California, like all states, is undergoing a wave of new regulatory requirements that make access to their information critical. An age long tension that we see with governmental data is that in theory, the data is the property of the public. However, there must also be a balance with the government’s ability to redact information for privacy and public policy purposes.
The production of data to the public and for a public records request and/or litigation is always fraught with this tension, which has led to a painful manual and laborious process for records managers, privacy officers and a multitude of other job descriptions that deal in data. Moreover, there are internal records within governmental bodies that must have safeguards put in place so that government employees do not have unfettered access to information they are not authorized to see. This is because governmental agencies are also bound by external laws that govern the privacy of individuals and many times government records contain PHI, PII, and PCI to name just a few.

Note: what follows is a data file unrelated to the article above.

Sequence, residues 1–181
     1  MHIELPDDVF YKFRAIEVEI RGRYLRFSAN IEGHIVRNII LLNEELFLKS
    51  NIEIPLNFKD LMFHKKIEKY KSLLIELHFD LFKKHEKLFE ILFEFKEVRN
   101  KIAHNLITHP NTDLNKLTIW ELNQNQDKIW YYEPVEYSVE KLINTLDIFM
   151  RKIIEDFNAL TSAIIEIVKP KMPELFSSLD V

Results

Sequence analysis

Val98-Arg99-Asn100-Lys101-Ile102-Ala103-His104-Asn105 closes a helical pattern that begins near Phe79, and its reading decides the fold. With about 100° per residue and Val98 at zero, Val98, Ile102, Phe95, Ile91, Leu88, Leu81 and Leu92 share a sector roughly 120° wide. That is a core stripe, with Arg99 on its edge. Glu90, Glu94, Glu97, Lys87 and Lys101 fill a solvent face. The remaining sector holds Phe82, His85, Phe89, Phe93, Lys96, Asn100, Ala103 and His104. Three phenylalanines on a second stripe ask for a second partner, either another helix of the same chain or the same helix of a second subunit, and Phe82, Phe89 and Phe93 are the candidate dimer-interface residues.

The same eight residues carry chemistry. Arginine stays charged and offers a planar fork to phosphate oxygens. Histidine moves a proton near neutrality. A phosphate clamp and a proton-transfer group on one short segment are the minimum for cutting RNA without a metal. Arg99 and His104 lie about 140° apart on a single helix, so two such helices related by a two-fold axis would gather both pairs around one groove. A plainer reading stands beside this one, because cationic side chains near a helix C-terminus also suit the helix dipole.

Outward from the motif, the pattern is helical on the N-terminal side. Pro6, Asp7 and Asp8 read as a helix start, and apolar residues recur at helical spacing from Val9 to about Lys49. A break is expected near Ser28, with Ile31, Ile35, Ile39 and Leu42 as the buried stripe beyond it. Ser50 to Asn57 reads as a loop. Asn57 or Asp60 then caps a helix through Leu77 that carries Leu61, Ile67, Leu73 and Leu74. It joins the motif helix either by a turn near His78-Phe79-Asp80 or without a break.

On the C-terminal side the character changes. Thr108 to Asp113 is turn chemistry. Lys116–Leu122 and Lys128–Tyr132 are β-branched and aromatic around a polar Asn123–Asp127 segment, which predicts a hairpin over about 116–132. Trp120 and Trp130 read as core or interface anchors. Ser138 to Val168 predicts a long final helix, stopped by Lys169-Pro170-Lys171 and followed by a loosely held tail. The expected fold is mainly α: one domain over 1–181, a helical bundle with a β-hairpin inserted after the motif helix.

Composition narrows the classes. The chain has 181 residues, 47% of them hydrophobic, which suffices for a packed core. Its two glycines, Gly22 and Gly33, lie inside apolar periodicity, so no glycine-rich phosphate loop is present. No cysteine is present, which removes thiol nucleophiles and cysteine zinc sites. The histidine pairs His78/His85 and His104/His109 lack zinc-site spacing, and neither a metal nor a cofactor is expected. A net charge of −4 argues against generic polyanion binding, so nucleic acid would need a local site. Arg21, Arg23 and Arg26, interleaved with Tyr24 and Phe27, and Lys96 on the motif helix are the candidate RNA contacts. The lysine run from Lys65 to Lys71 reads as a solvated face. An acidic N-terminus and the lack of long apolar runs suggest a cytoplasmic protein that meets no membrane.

Whether is it a Public Records Act (PRA) request, an information share for the purposes of piecing information together for gun sales, or litigation; states more than ever must begin to digitize and make their unstructured content searchable.In this paper, I touch on some of the ways the Freedom of Information and proposed California laws may affect agencies and municipalities with regard to information governance, as well our call to action for implementation of information governance software.